Now let’s get into some other things. I mentioned medical facilities. Well, if you are a reserve retiree, then in most cases you are not able to use the medical facilities unless you’ve been subject to a retiree recall and put on an active duty status. During the time you’re in that status, you yourself would have access to medical facilities but your spouses and dependents would not. That obviously would change once you are age sixty and Tricare eligible. Then you can all make use of medical facilities.
Now let me mention one thing with this chart that I’m going to post. The next thing on this list is Tricare and the chart says, “not eligible,” for gray area retirees. There is a version of Tricare called Tricare Retired Reserve which is eligible, which is available for purchase. It is quite expensive. The reason for this is simply that Tricare itself is a heavily subsidized benefit for those of us who actually pay for it, but the Tricare Retired Reserve version is not subsidized. You pay the full price of that benefit. For a single member, the Tricare Retired Reserve rate is a little over $400 per month. I don’t have the numbers right in front of me but I have talked about them in the past. For a family, the monthly rate is a little over $1,000 per month. Those premiums are only in effect while you’re in the gray area. Once you hit age sixty, there are no premiums unless you choose a different version Tricare which is premium-based. Some people choose to use Tricare and some choose to go with health care from other sources, health insurance from other sources, I should say. That’s your prerogative; that’s your choice.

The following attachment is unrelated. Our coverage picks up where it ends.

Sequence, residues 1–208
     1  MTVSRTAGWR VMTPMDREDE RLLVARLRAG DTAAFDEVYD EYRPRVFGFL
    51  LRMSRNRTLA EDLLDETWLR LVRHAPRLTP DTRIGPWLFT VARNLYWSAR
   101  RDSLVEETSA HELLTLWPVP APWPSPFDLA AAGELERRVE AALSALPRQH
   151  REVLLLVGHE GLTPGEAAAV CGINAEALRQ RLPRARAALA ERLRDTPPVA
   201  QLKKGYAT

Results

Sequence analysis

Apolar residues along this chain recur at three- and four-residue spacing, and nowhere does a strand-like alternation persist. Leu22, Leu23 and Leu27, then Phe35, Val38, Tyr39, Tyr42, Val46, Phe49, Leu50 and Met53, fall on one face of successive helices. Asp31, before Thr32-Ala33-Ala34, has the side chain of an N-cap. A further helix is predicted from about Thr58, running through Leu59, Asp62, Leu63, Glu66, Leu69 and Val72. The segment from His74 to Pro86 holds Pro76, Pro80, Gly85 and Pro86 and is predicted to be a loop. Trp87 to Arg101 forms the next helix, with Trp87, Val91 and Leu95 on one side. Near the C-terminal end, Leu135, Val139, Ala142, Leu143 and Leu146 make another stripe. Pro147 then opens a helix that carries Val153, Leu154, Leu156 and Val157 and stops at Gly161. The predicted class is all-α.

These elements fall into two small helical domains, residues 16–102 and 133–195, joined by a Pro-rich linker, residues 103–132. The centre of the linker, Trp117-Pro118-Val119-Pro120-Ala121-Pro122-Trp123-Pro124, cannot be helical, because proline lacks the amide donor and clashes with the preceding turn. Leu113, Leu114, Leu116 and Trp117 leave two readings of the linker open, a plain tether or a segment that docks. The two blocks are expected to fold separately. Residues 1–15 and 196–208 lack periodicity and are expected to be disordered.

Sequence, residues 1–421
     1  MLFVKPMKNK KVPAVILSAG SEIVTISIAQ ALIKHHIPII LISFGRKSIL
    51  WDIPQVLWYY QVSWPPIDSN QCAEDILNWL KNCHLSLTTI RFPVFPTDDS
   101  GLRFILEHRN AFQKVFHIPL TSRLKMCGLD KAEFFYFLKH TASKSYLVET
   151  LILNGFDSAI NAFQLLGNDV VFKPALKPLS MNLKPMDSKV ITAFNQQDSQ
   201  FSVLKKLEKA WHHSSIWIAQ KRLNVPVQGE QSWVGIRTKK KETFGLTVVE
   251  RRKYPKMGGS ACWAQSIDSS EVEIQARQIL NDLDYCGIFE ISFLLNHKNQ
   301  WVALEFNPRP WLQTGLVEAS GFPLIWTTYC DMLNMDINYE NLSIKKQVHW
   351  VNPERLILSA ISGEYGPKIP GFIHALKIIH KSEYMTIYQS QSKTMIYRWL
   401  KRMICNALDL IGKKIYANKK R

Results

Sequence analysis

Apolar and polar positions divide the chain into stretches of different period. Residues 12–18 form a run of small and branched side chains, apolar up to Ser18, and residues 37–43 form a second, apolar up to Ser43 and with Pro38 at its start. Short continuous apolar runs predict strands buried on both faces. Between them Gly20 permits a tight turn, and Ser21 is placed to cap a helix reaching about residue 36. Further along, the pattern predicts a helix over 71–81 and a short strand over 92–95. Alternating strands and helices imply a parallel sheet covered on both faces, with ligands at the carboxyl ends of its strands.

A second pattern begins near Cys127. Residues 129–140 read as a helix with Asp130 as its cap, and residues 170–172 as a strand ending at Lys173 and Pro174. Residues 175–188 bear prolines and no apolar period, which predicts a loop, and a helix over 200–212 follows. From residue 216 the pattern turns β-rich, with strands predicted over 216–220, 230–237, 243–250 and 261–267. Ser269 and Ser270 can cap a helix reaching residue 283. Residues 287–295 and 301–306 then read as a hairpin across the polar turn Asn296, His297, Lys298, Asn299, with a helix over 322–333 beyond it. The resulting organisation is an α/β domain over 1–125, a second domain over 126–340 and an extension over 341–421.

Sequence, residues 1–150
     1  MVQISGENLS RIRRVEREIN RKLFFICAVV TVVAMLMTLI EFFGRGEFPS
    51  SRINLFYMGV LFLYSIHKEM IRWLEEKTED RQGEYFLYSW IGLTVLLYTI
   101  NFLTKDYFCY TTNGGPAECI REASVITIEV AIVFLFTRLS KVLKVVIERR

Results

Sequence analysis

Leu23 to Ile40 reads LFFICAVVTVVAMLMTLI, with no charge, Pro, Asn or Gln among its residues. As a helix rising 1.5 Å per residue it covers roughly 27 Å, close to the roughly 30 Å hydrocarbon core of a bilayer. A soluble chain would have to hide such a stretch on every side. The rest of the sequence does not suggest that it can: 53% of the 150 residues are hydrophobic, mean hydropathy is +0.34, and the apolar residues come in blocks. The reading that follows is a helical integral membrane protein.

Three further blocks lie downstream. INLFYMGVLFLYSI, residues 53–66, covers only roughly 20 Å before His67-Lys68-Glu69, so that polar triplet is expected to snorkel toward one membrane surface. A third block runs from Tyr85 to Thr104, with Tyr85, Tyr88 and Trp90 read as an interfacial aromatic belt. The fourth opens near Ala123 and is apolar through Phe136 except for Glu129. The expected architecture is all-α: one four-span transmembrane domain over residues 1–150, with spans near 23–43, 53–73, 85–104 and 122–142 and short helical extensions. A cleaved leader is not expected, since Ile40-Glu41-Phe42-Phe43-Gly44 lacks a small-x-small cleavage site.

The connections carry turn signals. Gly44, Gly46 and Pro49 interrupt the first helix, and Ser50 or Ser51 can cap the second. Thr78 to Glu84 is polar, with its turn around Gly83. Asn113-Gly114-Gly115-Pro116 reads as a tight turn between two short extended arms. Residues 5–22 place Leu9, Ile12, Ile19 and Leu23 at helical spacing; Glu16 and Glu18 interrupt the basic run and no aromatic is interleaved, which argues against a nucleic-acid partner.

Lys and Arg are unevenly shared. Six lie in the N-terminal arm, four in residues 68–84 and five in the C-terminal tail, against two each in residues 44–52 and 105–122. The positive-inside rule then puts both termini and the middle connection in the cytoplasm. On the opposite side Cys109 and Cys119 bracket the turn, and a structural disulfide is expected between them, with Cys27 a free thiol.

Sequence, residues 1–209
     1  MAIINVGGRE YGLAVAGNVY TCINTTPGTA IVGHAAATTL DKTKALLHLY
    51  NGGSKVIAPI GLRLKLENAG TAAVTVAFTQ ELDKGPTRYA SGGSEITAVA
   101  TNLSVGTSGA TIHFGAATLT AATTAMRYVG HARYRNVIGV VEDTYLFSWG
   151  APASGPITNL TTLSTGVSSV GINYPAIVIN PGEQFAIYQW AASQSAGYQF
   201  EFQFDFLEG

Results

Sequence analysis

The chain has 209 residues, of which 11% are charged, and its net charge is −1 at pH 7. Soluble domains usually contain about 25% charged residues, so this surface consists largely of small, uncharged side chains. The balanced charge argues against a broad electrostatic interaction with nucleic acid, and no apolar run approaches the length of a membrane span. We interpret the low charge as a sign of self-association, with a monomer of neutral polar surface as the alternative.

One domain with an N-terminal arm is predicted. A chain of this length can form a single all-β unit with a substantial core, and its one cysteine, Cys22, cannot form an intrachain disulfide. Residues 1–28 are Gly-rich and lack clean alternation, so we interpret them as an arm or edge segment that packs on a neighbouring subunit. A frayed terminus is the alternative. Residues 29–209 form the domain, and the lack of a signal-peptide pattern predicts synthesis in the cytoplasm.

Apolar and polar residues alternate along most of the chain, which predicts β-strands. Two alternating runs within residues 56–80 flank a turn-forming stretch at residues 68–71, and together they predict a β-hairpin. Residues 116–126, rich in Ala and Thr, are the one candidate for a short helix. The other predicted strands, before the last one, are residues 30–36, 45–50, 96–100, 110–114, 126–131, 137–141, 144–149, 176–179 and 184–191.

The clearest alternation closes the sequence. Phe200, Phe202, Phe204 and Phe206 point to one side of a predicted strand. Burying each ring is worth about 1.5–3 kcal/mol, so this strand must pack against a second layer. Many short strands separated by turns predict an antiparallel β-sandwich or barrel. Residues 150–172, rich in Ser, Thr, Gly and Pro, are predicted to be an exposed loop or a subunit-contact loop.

Another thing available to reservists in the gray area, believe it or not, is the Tricare Retiree Dental Program. You are eligible to purchase that. Those premiums are different based on your location. I’m not going to give any examples of it right now. If you’d like information on that just go to TRDP.org. You can find the premiums for your area. That’s also available for purchase when you are receiving retired pay. Also, please remember, based on my YouTube episode, “Tricare Updates for 2018,” that next year TRDP is going away. The Tricare Retiree Dental Program will not exist in 2019. What will replace it is the Federal Employee Dental and Vision Insurance Program (FEDVIP). That will be something in which you can start enrolling in November of this year and make use of it starting in 2019. Your status in the DEERS database –the ID card database – needs to be updated to reflect your eligibility for either Tricare or the dental program.